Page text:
Published on in Children's View
Cancer cells are experts at cloaking themselves. This is why it can be so difficult to treat cancer that is particularly aggressive or has relapsed: The body’s immune system simply does not “see” the cancer cells.
For years, the tools of cancer treatment were surgery, chemotherapy and radiation therapy. But what if the immune system’s cells could be altered to see — and thus destroy — the cancer cells? This would create a less toxic — and much more effective — option. When the campaign For Tomorrow’s Breakthroughs launched 10 years ago, this idea was still an ambitious dream.
Children’s Hospital of Philadelphia’s Cancer Immunotherapy Program relentlessly pursued that dream. When the researchers attained a promising therapy in 2012, CHOP treated the first pediatric patient with this therapy. It worked.
The team then led national and international pediatric clinical trials to more widely test the therapy — called CAR T-cell therapy — in treating children with advanced acute lymphoblastic leukemia (ALL), the most common pediatric cancer. The therapy re-engineers the patient’s own T cells, a type of white blood cell, into smart fighters able to see and then attack cancerous cells.
Children enrolled in CHOP’s CAR T trials included Nick, who lives in Iowa. His cancer kept coming back, and his family feared they were out of options. Then they learned about the trials at CHOP. In 2016, Nick and his parents, Nicole and Mike Gerdin, journeyed to CHOP to receive the then-experimental therapy. He remains cancer-free. Today, reports Nicole, “Nick is leading the active life of a 12-year-old boy. He loves to play football, basketball, baseball and catch lots of fish, to name a few of his favorite hobbies.”
Now available to children worldwide
Because of the success of the trials that CHOP led, in 2017 CAR T became the first-ever cell therapy to win U.S. Food and Drug Administration approval and is now available to children worldwide. After achieving remission, 70% of these children have remained in remission at two years, an astonishing proportion of children who once faced the direst prognoses. More than 350 patients from around the world have been treated with CAR T therapy at CHOP.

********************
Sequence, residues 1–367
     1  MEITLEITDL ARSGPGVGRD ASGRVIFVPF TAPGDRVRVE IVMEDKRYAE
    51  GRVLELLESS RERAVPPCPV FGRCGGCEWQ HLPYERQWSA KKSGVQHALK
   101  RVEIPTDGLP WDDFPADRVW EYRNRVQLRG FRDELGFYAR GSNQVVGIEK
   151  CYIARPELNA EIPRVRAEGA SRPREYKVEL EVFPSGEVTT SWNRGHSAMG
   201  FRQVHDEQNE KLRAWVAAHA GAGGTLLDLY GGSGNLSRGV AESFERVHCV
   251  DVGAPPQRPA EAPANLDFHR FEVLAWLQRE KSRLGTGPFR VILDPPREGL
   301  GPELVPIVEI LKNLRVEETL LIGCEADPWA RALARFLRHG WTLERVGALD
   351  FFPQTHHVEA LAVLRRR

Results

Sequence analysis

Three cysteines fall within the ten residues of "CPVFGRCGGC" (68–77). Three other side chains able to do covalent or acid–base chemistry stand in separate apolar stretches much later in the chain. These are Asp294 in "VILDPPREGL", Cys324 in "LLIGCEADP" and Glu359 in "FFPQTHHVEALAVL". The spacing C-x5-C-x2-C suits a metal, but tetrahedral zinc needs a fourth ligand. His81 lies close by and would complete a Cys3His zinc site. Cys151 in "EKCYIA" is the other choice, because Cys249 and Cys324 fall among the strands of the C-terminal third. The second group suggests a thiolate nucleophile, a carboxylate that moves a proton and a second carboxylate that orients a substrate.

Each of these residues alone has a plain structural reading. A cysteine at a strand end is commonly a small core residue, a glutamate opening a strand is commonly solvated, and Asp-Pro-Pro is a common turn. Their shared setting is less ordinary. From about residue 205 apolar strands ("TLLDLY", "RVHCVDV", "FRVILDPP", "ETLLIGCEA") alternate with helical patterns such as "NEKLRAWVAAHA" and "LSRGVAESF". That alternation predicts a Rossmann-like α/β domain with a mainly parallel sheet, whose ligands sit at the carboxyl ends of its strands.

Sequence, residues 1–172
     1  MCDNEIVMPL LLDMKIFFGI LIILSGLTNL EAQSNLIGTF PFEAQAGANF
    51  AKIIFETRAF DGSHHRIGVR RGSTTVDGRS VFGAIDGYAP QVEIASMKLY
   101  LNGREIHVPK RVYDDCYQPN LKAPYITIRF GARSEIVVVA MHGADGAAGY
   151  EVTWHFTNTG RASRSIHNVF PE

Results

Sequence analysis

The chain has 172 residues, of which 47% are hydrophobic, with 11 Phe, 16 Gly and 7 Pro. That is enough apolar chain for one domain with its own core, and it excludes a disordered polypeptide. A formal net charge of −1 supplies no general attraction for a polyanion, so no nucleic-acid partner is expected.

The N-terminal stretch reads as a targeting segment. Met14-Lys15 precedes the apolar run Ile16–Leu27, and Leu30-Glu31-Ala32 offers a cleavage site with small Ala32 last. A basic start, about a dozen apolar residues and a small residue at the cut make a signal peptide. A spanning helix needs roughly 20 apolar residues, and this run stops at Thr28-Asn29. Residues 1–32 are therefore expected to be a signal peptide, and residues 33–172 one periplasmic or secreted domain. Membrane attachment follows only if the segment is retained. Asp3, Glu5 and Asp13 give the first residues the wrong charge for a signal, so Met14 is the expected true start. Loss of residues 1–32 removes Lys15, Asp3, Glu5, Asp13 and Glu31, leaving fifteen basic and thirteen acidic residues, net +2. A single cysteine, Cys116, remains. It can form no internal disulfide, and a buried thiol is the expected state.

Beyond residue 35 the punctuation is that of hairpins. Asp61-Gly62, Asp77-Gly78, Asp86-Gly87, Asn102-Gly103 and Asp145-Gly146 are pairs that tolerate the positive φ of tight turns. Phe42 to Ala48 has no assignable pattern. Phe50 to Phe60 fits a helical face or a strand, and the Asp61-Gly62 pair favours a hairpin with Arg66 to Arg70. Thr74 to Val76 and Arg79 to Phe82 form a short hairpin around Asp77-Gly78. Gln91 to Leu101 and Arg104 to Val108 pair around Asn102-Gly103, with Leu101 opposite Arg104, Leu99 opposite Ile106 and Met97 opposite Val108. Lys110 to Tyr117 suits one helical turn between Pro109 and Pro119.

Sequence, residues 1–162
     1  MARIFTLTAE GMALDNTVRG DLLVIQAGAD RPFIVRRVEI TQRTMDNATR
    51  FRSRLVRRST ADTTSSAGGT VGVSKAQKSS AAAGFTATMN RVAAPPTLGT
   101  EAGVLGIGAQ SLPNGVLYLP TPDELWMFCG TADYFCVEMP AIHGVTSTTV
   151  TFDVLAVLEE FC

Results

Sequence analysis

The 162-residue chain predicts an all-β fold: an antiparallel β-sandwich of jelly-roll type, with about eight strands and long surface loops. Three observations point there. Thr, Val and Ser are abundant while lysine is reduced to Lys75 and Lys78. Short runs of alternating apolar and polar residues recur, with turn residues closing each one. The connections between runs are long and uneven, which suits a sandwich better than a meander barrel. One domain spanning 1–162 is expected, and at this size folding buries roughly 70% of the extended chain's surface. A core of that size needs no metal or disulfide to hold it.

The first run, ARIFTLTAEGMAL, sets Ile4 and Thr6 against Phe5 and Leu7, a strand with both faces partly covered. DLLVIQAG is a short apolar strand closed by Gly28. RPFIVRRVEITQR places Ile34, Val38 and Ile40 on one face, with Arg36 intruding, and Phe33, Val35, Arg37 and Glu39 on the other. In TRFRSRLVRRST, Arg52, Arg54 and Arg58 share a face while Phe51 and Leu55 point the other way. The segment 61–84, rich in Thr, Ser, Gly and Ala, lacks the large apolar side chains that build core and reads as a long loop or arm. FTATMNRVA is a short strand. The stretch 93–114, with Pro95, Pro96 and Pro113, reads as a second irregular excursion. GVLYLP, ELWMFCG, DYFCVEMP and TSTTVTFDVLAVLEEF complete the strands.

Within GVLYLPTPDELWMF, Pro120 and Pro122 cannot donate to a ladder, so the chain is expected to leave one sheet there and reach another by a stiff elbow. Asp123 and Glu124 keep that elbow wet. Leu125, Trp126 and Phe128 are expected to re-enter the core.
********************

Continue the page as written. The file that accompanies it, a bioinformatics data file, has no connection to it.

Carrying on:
But CHOP’s work is far from over. Researchers and physician-scientists are now tackling immunotherapy for other forms of childhood cancer — and these efforts are fueled by the generosity of the Gerdins, who are determined to help other kids like Nick. “We are so grateful Nick has remained healthy and cancer-free following his CAR T therapy and stem cell transplant,” says Nicole. “Our wish for all families of children going through cancer treatment is they continue to have hope. For this reason, our family chooses to support the CHOP research that gave us hope during a terrifying time and resulted in a cure for our son.”
The family has given a gift through the Gerdin Charitable Foundation to fund two pilot clinical trials. One trial will bring the approved CAR T therapy to new groups of patients with ALL, including ultra-high-risk patients and infants. The other trial targets a different blood cancer called acute myeloid leukemia (AML). Only about 60% of patients with AML are cured with traditional therapies. This trial is one of the first attempts in the world to use cell therapy for this cancer.
CHOP is seeing tremendous interest from families during the initial stage of both trials. “To know the trials we have funded are providing renewed hope for others inspires us and hopefully others to continue to help,” says Mike. Because of philanthropy, children’s lives are being saved.